How to Recruit the Very Best Senior People into a Family Business

7 years ago


It’s no secret that family businesses offer some of the most rewarding job opportunities; capitalising on the unique strength of providing an excellent working environment, a committed team and real sound family values. A recent report by the Institute for Family Business concluded that employees of family owned businesses have greater job satisfaction and loyalty to the firm than those working for their corporate counterparts.

Bringing a senior person into a family culture can be tricky if they are to fit into the excellent working environment, a committed team and shared core values. It’s also key that the people brought into the family fold can settle quickly, be retained and deliver the key objectives. Finding them in the first instance can often be the biggest challenge but once identified, can be life changing for everyone.

Having recently gone through this exercise in our business and as a recruiter eager to make the best selection for our new role of Head of Recruitment, we wanted to share our top 7 tips based on our experiences over the last 12 months dealing with the biggest appointment our family firm has ever made, eventually selecting Helen Jackson.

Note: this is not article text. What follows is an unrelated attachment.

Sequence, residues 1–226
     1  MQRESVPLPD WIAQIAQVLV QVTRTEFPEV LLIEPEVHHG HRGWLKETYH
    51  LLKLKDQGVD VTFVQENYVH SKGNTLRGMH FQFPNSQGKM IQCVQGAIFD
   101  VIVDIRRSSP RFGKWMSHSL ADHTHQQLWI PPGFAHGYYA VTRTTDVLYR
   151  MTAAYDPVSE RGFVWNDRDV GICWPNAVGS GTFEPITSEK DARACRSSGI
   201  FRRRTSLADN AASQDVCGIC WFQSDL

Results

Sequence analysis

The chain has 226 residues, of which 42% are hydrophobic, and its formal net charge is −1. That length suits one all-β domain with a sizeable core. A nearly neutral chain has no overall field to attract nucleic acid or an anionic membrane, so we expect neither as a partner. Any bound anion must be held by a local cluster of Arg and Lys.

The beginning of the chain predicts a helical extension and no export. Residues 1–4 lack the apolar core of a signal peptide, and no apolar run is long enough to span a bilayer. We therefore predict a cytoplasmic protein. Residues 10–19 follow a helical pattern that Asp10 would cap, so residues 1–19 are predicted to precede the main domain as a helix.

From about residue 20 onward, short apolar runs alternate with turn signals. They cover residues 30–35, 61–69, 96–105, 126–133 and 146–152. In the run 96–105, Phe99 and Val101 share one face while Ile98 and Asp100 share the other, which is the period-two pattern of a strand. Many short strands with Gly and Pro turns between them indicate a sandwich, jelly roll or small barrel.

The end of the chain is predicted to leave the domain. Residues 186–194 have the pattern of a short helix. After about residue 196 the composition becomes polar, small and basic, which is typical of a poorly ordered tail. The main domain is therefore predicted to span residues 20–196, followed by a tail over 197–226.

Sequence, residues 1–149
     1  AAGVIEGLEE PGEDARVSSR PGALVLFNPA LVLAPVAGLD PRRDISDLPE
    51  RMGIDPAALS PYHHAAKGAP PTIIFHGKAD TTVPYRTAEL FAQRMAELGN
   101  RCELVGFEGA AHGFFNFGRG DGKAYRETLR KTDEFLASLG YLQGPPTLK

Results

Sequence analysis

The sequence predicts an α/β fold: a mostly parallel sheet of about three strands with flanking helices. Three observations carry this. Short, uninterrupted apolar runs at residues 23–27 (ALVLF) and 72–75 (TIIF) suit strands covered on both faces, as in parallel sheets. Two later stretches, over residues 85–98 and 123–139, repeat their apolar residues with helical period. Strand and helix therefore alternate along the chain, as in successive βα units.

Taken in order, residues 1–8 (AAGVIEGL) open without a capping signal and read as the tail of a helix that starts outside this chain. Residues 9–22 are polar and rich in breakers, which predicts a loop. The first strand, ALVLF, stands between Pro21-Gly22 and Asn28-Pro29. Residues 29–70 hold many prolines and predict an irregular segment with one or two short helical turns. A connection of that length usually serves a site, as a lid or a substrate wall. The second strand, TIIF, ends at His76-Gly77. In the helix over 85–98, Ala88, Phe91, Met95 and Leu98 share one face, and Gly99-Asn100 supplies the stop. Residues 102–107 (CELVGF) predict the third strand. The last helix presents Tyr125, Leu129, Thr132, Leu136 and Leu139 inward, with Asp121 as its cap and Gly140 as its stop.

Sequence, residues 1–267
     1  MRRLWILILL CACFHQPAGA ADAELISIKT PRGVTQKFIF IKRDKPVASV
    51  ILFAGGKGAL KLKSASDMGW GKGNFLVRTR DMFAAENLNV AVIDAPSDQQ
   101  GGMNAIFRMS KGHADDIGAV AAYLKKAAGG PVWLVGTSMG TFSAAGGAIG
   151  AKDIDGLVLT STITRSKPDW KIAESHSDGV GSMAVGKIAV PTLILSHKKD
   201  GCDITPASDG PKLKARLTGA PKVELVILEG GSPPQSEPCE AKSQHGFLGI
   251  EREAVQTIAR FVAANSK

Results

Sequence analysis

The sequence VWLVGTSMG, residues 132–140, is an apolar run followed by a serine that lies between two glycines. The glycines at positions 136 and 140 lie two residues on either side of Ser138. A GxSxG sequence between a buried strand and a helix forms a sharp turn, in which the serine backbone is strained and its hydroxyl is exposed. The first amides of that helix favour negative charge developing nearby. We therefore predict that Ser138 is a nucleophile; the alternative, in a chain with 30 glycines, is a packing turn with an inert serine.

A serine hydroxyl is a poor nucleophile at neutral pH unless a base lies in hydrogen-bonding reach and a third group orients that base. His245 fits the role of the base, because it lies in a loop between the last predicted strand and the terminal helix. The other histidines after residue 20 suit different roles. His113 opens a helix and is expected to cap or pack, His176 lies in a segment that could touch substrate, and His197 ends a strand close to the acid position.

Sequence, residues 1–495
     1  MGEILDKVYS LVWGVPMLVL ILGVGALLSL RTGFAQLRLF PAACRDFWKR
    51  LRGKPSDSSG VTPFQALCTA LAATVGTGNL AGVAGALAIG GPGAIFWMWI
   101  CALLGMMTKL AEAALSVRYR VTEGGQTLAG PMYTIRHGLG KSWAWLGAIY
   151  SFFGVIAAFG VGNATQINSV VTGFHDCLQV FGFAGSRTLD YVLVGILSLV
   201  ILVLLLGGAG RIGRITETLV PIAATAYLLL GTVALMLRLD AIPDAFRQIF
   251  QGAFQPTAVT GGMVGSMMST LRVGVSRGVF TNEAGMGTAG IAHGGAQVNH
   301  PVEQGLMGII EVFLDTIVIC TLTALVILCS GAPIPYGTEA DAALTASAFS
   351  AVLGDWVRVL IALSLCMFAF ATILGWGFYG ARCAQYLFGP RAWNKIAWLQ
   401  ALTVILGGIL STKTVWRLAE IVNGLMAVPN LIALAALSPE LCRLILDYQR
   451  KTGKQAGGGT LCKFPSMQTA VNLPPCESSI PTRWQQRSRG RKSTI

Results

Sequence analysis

Cummins Mellor is a family business born out of our back bedroom on the 5th February 1990. My husband Richard and I have built a sustainable enterprise based on family values, running all areas of the operation together. Our daughter Katie recently joined our largest division Chefs Jobs UK following a couple of years with international recruitment firm, Michel Page. Our biggest challenge has always been to find and retain people who are loyal to the family and prioritise the business whilst being dedicated to our vision of transforming the company from a local to a national brand across our recruitment and safeguarding services.